To say Mackin is not expected to win, barring an injury befalling his illustrious Swiss opponent, is the biggest understatement in sport for years.
The 24-year-old Scot has never won a match on the ATP Tour and is ranked 262 in the world on the strength of his results in lower level Challenger events. He is about to be sacrificed by Britain's captain, Jeremy Bates, to save Greg Rusedski's legs in the hope the tactic produces a place in the World Group next year.
At best, Mackin will make Federer work for his points on the indoor clay court at the Palexpo, and perhaps win a few games. That was the story of Mackin's only previous appearance in the Davis Cup, when he was out-classed by Mark Philippoussis, of Australia, 6-3, 6-3, 6-3, in the first round of the World Group in Sydney in 1999.
The only way Bates's strategy can work is if Mackin's compatriot, the 18-year-old Andy Murray, defeats the Swiss No 2, Stanislas Wawrinka, in today's second singles, then partners Rusedski to success against Federer and Yves Allegro in tomorrow's doubles, and Rusedski beats Wawrinka in the concluding singles on Sunday.
Murray is expected to meet Federer for the first time in singles in the opening match on Sunday, an experience that should serve the British No 2 well in the long term, if not on the day.
He has already demonstrated his potential this year. He partnered David Sherwood to a doubles victory in Israel on their Davis Cup debut in March. He reached the third round at Queen's and at Wimbledon, won two Challenger tournaments in America, and won a round at the US Open as a qualifier.
Bates, with the odds stacked against him from the moment the draw was made and Federer declared his intention to play after resting as Switzerland lost to the Netherlands at home in March, decided to gamble with his team selection.
"Playing against Federer is very difficult," Bates said. "So we looked at the tie realistically to find a way of taking the doubles and two singles against their No 2 and fighting for anything we can get from Roger as well.
"I've told Alan, 'you have to play up to the level of somebody like that and give absolutely everything, a lot of heart and a lot of aggression, more than you're used to'. We have to have somebody in a good state of mind, willing to have a go."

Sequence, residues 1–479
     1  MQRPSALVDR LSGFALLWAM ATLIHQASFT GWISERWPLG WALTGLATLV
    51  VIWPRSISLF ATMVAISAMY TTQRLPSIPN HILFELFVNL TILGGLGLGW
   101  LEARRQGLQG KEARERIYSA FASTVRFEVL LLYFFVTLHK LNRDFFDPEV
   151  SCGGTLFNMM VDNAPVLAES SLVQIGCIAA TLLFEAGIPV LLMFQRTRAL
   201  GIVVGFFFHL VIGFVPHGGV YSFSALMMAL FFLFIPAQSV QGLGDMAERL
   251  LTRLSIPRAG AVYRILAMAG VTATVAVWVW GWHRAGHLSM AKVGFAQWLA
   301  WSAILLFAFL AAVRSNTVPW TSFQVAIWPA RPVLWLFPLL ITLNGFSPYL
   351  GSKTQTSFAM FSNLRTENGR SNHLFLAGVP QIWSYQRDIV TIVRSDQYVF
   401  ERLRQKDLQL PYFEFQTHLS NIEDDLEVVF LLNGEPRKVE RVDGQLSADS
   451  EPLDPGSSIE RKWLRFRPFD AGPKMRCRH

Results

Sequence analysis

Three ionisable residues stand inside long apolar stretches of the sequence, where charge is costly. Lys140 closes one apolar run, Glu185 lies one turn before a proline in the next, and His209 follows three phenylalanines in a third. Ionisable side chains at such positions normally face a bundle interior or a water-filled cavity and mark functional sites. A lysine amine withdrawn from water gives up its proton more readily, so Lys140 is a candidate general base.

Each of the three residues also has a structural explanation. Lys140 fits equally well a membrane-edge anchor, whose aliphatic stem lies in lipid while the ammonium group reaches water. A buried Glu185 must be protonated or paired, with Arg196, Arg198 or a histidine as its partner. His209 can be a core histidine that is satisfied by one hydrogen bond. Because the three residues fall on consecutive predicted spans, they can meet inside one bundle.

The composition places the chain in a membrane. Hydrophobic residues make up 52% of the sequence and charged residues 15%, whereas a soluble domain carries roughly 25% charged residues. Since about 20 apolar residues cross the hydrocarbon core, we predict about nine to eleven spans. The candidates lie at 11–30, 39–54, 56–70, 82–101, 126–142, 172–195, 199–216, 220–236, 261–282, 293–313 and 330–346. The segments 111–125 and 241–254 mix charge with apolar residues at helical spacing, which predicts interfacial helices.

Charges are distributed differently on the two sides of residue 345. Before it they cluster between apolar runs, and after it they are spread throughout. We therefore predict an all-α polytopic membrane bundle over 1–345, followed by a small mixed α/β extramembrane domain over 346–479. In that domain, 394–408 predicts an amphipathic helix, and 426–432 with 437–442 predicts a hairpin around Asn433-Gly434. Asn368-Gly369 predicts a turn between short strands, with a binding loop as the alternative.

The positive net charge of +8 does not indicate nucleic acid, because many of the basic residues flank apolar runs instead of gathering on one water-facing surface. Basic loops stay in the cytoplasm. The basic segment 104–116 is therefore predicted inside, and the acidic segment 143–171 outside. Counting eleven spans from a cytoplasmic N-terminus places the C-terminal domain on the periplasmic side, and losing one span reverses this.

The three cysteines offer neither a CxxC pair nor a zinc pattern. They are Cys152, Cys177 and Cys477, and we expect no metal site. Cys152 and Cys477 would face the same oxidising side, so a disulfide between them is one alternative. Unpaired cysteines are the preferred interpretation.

Mackin, who has played 15 tournaments at various levels this year and lost in the first round 13 times, hopes the experience of playing against Philippoussis in Sydney will strengthen his resolve.
"Federer is definitely a difficult opponent to play against," Mackin said, "but obviously I'm just happy to have the chance to go out there and play. I've nothing to lose. Roger has only been beaten a handful of times this year. I can only do my best and see what happens."
Clay is not Federer's favourite surface, but he did reach the semi-finals at the French Open before losing to the 19-year-old Spaniard Rafael Nadal, who won the tournament. Mackin uses a training base in Majorca, and has hit there with Nadal and Carlos Moya, the former world No 1.
Bates believes his selection has transferred the pressure on to the Swiss, particularly Wawrinka, who is ranked 60th in the world - 50 places above Murray - but has lost all three of his Davis Cup matches. Not that Bates underestimates the 20-year-old Wawrinka, saying: "You don't get where he is without having talent."
Murray said he would not have minded playing Federer in the opening match. "We've looked at the best way to win the tie. We've got to take two points off Wawrinka, whether I play on first day or the last day."
Wawrinka - Stan to his team-mates and to the cowbell-ringing 7,000 Swiss supporters expected in the hall today - has not exactly taken a shine to Murray, telling the Geneva Tribune that he thought the Scot took himself too seriously, on and off the court.
Federer said he was surprised by Bates's tactics. "I thought he might leave Murray out on the first day," he said. "I'm pleased I don't have to play Murray on the first day, and Stan is pleased he doesn't have to play Greg on the first day," he said.
As for home expectations that he would win three best-of-five sets matches in three days, Federer said: "It's not the easiest thing. It's a bit like that when I come to a tournament as the No 1 seed. But I want to win most, so the pressure comes from me."
Different level: Roger Federer and Alan Mackin head-to-head standings
Born: Basle, Switzerland, 8 August 1981.
Lives: Oberwil, Switzerland.
Height: 6ft 1in.
Turned pro: 1998.
World ranking: No 1 (for 87 weeks)
Grand Slam titles: 6.
Total singles titles: 32.
Doubles titles: 7.
2005 singles record: 71-3.
2005 singles titles: 10.
Davis Cup record: 26-10.
Career prize-money: $19m (£10.6m).
Born: Paisley, Scotland, 11 August 1981.
Height: 5ft 8.5
Turned pro: 1997.
World ranking: 262
Grand Slam titles: 0.
Total ATP titles: 0.
Career ATP record: 0-10.
ATP doubles titles: 0.
2005 singles record: 0-6.
2005 doubles record: 0-1.
Davis Cup record: 0-1.
Career prize-money: $118,565 (£66,159).
ORDER OF PLAY
Draw for Switzerland v Great Britain, Davis Cup World Group play-off: (Geneva Palexpo)
Today (12pm BST): Roger Federer (Swit) v Alan Mackin (GB); Stanislas Wawrinka (Swit) v Andy Murray (GB).
Tomorrow (12pm): Federer and Yves Allegro v Greg Rusedski and Murray.
Sunday (11am): Federer v Murray; Wawrinka v Murray.